Search giant probes whether its employees may have helped hackers in 'sophisticated' breach.
Google is investigating whether one or more of its employees in China helped launch the cyber attack against it last month, according to reports.
It is thought the line of inquiry is a routine part of its investigation into the attack, which Google says was sophisticated, originated in China and targeted intellectual property and the email accounts of human rights activists.
According to Reuters news agency, citing two unidentified sources, the attack, which targeted people with access to specific parts of Google networks, might have been helped by employees in the company's offices in China. It has several hundred staff on the mainland.
"We're not commenting on rumour and speculation. This is an ongoing investigation and we simply cannot comment on the details," a Google spokeswoman said.
Security analysts told Reuters the malicious software or malware used in the attack was a modification of a trojan called Hydraq. A trojan is a hidden program allowing unauthorised access to a computer. The analysts said the sophistication in the attack was in knowing whom to attack, not the malware itself.
Chinese media have said that some Google China employees were denied access to internal networks following the statement, with others put on leave or transferred to different offices. Google said it would not comment on its business operations.
The Foreign Correspondents' Club of China said in a statement today that Gmail accounts used by journalists in at least two bureaux in Beijing had been hijacked and their emails forwarded to unknown email addresses. Last week several well-known Chinese advocates of human rights complained of the same problem.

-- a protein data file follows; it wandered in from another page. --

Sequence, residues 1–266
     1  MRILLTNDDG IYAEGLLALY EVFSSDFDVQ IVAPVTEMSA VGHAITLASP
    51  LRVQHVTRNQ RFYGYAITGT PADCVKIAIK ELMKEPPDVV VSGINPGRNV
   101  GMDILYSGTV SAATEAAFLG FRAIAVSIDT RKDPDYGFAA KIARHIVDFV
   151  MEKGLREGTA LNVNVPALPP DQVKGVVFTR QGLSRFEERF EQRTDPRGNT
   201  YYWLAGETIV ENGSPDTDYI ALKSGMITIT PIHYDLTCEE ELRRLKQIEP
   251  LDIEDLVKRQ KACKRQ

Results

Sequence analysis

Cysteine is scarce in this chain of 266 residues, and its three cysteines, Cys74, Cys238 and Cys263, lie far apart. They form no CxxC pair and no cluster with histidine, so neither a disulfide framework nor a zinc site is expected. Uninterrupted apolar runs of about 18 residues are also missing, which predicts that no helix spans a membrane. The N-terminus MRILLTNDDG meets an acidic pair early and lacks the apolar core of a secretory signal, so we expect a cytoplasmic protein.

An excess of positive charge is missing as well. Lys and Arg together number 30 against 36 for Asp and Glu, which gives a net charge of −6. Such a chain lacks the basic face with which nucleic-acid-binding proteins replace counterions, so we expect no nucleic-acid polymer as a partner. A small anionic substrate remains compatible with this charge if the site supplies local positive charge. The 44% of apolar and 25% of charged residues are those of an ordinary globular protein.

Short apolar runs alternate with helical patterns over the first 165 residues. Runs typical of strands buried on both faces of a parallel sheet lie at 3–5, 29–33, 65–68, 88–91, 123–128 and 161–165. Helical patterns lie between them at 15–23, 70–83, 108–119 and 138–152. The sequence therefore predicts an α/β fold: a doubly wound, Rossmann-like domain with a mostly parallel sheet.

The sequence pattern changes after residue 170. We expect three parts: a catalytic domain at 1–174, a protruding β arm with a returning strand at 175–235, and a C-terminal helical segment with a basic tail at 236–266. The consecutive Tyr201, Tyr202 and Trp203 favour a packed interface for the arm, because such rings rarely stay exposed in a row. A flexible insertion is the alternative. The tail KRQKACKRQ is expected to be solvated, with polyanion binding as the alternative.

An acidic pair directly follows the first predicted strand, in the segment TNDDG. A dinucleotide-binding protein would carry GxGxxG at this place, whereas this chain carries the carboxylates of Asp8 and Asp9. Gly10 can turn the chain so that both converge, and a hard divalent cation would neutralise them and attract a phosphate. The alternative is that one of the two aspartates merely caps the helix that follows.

A spokeswoman for Google said at the weekend that it was "business as usual" after rumours that the US firm had decided to shut down Google.cn.
The row over internet censorship intensified at the weekend when Yahoo's Chinese partner, Alibaba, called Yahoo "reckless" for supporting Google in its standoff with Beijing.
In an interview with the Wall Street Journal last week, a Yahoo spokeswoman said the firm stood "aligned" against the "deeply disturbing" attacks and violation of user privacy.
"Alibaba Group has communicated to Yahoo that Yahoo's statement that it is 'aligned' with the position Google took last week was reckless given the lack of facts in evidence," said John Spelich, an Alibaba spokesman. "Alibaba doesn't share this view."
Yahoo owns about 40% of the Alibaba Group, which runs China's biggest online retailer, Taobao, and its largest e-commerce site, alibaba.com. Yahoo sold its stake in the Alibaba site late last year, but its stake in the group as a whole, acquired when it closed its own offices in China some years ago, remains a valuable asset.
A Yahoo spokeswoman said: "Yahoo condemns all cyber attacks regardless of origin or purpose. We are committed to protecting user security and privacy and we take appropriate action in the event of any kind of breach."
Google announced last Tuesday that it was no longer willing to censor search results on its Chinese service, citing the cyber attack as well as growing controls on the internet. But spokesmen say it has not yet stopped doing so and will continue talking to the Chinese government about whether it is possible to operate an uncensored service.
Chinese authorities have tried to play down the disagreement, with the ministry of commerce saying there are many ways to resolve the dispute. But officials have stressed that all foreign companies must abide by Chinese laws. It is hard to see how the two sides could reach agreement.
Figures released this week showed the number of China's internet users leapt almost 30% in 2009, to 384 million.